Cash Balance Plan FAQs

What is a Cash Balance Plan (CBP)?

A Cash Balance Plan (CBP) is a type of defined benefit plan that looks and feels more like a profit sharing plan. The benefit of a Cash Balance Plan is that employers who sponsor them are generally able to deduct much higher contributions than they can with a 401(k) Profit Sharing Plan alone.

What type of business can establish a Cash Balance Plan?

A Cash Balance Plan can be set up for any type of business, including corporations, sole proprietorships, and partnerships.

How much can I contribute to a Cash Balance Plan?

Contributions to a Cash Balance Plan are based on age and compensation. The IRS has set up benefit limits so that an individual can accumulate $2.8 million in a Cash Balance Plan by age 62. Annual contributions are determined based on age, income and investment performance in the plan.

Can I still maximize my 401(k) Profit Sharing Plan if I set up a Cash Balance Plan?

Deductible contributions to a 401(k) Profit Sharing Plan may be limited if you establish a Cash Balance Plan. Generally, you will be able to contribute the $18,500 ($24,500 for those over age 50) 401(k) deferral limit plus an additional 6% discretionary profit sharing contribution. However, your contributions may be limited if you are participating in a 401(k) plan sponsored by another employer in the same year.

When are my contributions due to the plan?

Annual contributions are due by the earlier of the due date of the business tax return, with extensions and 8 ½ months following the end of the plan year (September 15 for a calendar year entity).

How does it work?

Each year, once your income is known, Lurie’s actuarial team will calculate a deductible contribution range. As a plan participant, you will have a “Hypothetical Account” that is credited with a pay credit and an interest credit each year. The pay credit is typically a percentage of your income and the interest credit is generally between 4% and 6%.

Are contributions required every year?

Generally, yes. Annual contributions are required and the amount is determined by an actuary. As long as there are not large fluctuations in investment performance and annual income, the contributions should not fluctuate much from year to year.

How are the plan assets invested?

As a plan trustee, you can work with your investment advisor to determine the best investment strategy. You will want to keep in mind that the account should earn a moderate rate of return to match the interest credit in the plan (4%-6% annually in most years). Widely fluctuating investment returns will have an impact on your annual contributions.

What happens if I hire an employee?

Most plans have a waiting period before an employee becomes eligible for the plan. It will be important to let Lurie know when you hire an employee so we can evaluate if plan design changes are needed once he/she becomes eligible for the plan.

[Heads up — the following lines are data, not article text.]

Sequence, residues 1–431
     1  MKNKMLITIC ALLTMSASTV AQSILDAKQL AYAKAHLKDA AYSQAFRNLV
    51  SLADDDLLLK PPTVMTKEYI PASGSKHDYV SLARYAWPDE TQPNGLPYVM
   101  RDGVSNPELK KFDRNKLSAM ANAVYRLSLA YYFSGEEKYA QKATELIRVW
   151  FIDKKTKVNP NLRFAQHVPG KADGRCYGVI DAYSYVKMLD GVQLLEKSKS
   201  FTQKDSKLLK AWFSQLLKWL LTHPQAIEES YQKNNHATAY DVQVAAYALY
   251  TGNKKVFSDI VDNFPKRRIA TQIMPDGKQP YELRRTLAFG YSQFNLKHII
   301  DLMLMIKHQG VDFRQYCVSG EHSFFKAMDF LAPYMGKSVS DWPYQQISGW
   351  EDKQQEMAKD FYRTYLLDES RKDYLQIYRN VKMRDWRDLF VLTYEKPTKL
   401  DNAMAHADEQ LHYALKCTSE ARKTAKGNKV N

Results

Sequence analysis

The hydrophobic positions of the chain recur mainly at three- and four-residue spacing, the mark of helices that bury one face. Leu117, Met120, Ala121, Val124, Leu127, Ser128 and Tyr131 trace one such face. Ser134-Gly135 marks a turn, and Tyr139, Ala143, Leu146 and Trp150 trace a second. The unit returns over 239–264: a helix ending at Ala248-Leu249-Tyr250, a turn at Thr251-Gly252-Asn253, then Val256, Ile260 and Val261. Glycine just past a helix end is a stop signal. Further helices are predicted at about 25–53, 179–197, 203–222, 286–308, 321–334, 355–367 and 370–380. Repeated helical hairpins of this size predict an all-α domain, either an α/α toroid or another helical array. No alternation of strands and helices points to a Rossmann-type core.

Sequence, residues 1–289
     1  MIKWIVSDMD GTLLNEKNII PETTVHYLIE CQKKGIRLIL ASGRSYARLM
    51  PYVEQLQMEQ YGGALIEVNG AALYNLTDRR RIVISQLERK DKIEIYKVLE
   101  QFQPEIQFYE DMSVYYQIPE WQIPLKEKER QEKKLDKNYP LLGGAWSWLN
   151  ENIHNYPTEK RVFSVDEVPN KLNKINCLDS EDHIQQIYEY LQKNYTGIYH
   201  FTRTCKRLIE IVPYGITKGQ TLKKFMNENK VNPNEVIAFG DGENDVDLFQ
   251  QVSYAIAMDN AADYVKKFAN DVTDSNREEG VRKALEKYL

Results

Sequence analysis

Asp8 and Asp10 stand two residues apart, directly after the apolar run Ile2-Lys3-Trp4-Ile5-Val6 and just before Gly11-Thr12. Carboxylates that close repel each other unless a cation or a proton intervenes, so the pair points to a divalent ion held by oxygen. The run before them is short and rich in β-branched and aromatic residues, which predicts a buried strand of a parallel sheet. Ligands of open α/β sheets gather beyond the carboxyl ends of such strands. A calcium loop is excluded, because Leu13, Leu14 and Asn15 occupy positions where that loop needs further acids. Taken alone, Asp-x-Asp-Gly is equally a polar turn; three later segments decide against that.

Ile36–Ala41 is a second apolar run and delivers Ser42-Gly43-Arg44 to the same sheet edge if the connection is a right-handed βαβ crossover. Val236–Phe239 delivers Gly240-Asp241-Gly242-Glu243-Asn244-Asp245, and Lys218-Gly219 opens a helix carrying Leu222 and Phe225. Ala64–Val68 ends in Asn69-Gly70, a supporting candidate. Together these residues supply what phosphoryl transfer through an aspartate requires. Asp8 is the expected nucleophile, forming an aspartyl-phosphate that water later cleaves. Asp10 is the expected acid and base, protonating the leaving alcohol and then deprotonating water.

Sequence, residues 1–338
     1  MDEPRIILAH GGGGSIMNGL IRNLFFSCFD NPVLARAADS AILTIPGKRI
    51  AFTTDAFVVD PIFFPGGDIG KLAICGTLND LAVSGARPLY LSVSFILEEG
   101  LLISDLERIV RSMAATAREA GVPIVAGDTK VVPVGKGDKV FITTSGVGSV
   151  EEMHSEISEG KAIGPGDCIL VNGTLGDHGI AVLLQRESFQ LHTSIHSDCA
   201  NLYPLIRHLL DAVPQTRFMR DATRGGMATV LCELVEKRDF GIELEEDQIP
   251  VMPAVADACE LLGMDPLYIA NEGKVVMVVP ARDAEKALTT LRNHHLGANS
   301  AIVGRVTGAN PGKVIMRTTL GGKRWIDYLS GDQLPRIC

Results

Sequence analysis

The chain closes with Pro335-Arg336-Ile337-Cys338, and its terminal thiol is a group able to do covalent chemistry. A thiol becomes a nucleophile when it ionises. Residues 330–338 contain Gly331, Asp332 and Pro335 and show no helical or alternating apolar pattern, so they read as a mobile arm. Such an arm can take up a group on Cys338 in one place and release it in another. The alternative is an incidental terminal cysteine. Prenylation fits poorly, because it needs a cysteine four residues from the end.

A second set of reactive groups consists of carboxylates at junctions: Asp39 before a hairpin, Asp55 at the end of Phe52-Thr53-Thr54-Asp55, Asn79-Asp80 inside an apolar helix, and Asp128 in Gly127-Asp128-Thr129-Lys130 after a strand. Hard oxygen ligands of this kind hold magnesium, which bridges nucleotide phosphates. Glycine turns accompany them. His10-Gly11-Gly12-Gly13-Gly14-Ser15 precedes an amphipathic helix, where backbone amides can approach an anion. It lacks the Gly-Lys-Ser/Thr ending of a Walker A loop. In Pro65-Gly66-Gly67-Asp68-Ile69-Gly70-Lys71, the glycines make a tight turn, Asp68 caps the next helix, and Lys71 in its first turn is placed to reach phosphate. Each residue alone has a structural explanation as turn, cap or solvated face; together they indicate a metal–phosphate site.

Can my spouse be included?

Absolutely. If your spouse is working in your business and earning a salary, he/she can be included in both the  401(k) Profit Sharing and Cash Balance Plans. This may give you an opportunity to contribute even more on a tax-deferred basis.

Can I terminate the plan at any time?

Cash Balance Plans are a type of defined benefit plan, which are required to follow a Permanency Requirement.  However, there is IRS guidance that states that a plan may be terminated for a legitimate business reason. A few examples include business restructuring, a change in law affecting qualified plans, the substitution of another plan and financial hardship.

What happens if the plan is underfunded at plan termination?

Typically, you will have two options if the plan is underfunded at plan termination: make an additional contribution to cover the shortfall or waive your benefits to the extent that the plan is underfunded. At Lurie, we will work with you annually in determining your contributions to make sure that the plan does not become underfunded. However, there may be unforeseen circumstances that require you to waive benefits at plan termination.

What happens to the plan balances at termination?

Cash Balance Plan assets are qualified plan assets that are eligible for annuity payouts at retirement or lump sum distributions that can be rolled over to an IRA or 401(k) Profit Sharing Plan.

Are there any risks?

Contributions to a Cash Balance Plan are usually required each year until the plan is terminated. The IRS requires the plan is established with “permanency” in mind. Contributions may fluctuate from year to year based on the plan’s investment return. It is important to work closely with your investment advisor to set up the proper mix of investments in an attempt to avoid any unwanted fluctuations in contribution levels.

Download the PDF.

Please contact Wendy Frame or Jeremy Palm for help on choosing the right retirement plan(s) for your business. We look forward to hearing from you.

Wendy Frame, MBA, ERPA

Jeremy Palm, QPA, QKA










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